Beach House -- 7

While Beach House's sound has always focused on hypnotic melodies and Victoria LeGrand's rich vocals -- and likely always will -- they've found different ways to explore this potent combination on each album. LeGrand and Alex Scally delivered some of their most dramatic experiments on 2015's Depression Cherry and Thank Your Lucky Stars, which presented a surprising amount of sides to their music even as they stripped it down to the basics. If possible, they're even more committed to change on their aptly named seventh album. To make 7, Beach House opted to work with Sonic Boom instead of longtime producer Chris Coady; brought their live drummer James Barone into the studio; and recorded songs as soon as they were done writing them instead of waiting to record all of them at once. This creative liberation resonates on every track, whether Scally and LeGrand build up the instrumentation or pare it back, touch on their familiar sounds or invent new ones. 7's sequencing spotlights just how wide its range is, juxtaposing songs that sound wildly different, but equally like Beach House. The galactic whoosh of "Dark Spring" -- a key example of Boom's influence -- sounds all the more vast next to "Pay No Mind," the band's warmest, most down-to-earth love song yet. Similarly, "L'Inconnue"'s blissful call-and-response contrasts nicely with the edgy "Drunk in LA," where the beats and synths evoke rain-slicked streets and city lights. Throughout 7, Beach House feel more concerned with capturing moments fully rather than conforming to notions of what a cohesive album is. That these songs sound like they came from different albums is ultimately more refreshing than disorienting, and the excitement that courses through each track is palpable. Scally and LeGrand could have only made 7 at this point in their career -- not only do they have the skill to change things up, but the wisdom to know how and when to do so.~ Heather Phares,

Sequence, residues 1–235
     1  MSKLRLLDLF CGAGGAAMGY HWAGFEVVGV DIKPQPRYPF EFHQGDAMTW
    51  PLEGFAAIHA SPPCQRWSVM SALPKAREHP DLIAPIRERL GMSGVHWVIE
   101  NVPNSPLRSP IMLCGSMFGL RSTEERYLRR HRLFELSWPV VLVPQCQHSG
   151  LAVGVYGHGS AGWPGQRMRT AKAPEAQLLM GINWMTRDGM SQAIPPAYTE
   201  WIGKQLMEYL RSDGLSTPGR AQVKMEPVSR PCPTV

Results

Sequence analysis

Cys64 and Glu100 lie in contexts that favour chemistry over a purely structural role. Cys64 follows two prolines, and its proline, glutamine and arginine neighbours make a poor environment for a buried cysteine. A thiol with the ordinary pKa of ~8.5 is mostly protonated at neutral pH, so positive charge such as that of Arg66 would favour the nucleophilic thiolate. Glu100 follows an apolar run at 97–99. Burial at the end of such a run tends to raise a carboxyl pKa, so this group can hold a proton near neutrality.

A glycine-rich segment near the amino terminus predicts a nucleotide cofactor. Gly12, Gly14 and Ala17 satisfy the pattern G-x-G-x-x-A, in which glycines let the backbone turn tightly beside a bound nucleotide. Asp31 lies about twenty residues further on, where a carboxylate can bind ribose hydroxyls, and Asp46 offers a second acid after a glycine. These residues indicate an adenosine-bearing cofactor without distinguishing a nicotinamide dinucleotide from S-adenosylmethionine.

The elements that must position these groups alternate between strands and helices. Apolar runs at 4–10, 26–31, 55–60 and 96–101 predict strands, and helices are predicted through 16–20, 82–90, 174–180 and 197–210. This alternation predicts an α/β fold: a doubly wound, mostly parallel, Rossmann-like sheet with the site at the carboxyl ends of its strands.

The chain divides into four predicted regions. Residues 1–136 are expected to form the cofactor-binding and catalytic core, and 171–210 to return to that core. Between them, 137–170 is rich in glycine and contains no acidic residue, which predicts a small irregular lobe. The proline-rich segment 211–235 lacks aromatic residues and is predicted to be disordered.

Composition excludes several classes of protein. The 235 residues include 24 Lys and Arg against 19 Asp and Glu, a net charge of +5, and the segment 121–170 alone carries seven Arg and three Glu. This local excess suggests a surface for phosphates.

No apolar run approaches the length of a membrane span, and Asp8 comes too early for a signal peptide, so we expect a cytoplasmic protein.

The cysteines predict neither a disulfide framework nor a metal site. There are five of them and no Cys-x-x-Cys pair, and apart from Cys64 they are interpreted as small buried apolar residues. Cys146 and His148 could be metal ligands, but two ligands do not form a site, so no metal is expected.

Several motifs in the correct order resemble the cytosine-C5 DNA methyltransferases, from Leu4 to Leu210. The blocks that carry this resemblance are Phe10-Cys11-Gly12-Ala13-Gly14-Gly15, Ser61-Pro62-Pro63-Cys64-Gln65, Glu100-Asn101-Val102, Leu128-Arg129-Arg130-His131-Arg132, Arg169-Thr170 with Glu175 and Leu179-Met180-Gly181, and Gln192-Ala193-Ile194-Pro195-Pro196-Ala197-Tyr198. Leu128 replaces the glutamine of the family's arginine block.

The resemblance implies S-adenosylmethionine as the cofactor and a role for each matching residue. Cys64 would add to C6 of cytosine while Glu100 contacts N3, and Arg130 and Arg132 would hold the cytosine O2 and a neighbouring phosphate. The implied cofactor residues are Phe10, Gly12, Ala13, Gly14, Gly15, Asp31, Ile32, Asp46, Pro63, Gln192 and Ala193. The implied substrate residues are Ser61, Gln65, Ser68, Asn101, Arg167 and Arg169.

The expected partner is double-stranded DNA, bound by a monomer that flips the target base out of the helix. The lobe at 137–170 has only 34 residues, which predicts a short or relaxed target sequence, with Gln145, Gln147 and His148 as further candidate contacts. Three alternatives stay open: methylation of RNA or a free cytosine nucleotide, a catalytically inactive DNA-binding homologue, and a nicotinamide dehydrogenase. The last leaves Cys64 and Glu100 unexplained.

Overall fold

John Coltrane -- Both Directions at Once: The Lost Album

"This is like finding a new room in the Great Pyramid."--Sonny Rollins

Yes, this is not a reissue, not a live album, not an album of outtakes. In 1963, Coltrane recorded a studio album that has remained unknown and unheard until now. It was recorded at Van Gelder Studios, the "Abbey Road" of jazz, with Coltrane's classic Quartet: McCoy Tyner, Elvin Jones, Jimmy Garrison & Coltrane, at the height of his career. The music represents one of the most influential groups in music history, performing in a musical style it had perfected and reaching in new, exploratory directions that would affect the trajectory of jazz from then on. In short, this is the holy grail of jazz. There is a regular CD & Deluxe CD, and a regular & Deluxe LP. Deluxe versions include the seven found tracks and 7 alternate takes.




Leon Bridges -- Good Thing

In sound and look, the Grammy-nominated Coming Home replicated one style from a bygone era with such perfectionist accuracy that Leon Bridges risked being typecast as a malt-shop soul man. Some of Bridges' subsequent featured appearances fulfilled that role, but others indicated that he was primed to break out and loosen up a bit. The singer and songwriter's second album similarly displays different approaches that skillfully build off and depart from the previous release. Bridges displays some hard-fought assurance on the call-and-response soul-jazz groove "Bad Bad News," where he asserts "I hit 'em with the style and grace, and watch their ankles break." "Shy," a mellow number with appealingly awry likenesses to Al Green and the Isley Brothers, quickly pulls Bridges back to his modest, chivalrous self. Bridges later clearly aims to reach a broader audience, though he only briefly approaches Bruno Mars territory with a little uptown funk laced through "If It Feels Good (Then It Must Be)," the effervescent bounce of which is rooted in the Whispers' "It's a Love Thing," and "You Don't Know," a second slice of sophisticated, feel-good post-disco. All these deviations, including the one that sounds like it was written for an early-'70s Rod Stewart album, seem natural for Bridges, who evidently had much more to explore and express than what was shown on Coming Home. What's more, there is no pandering. Most suggestive of the singer's bright future is album closer "Georgia to Texas," a stunning and ultimately affecting tribute to his mother delivered in front of an acoustic jazz quartet. ~ Andy Kellman,

Dawes -- Passwords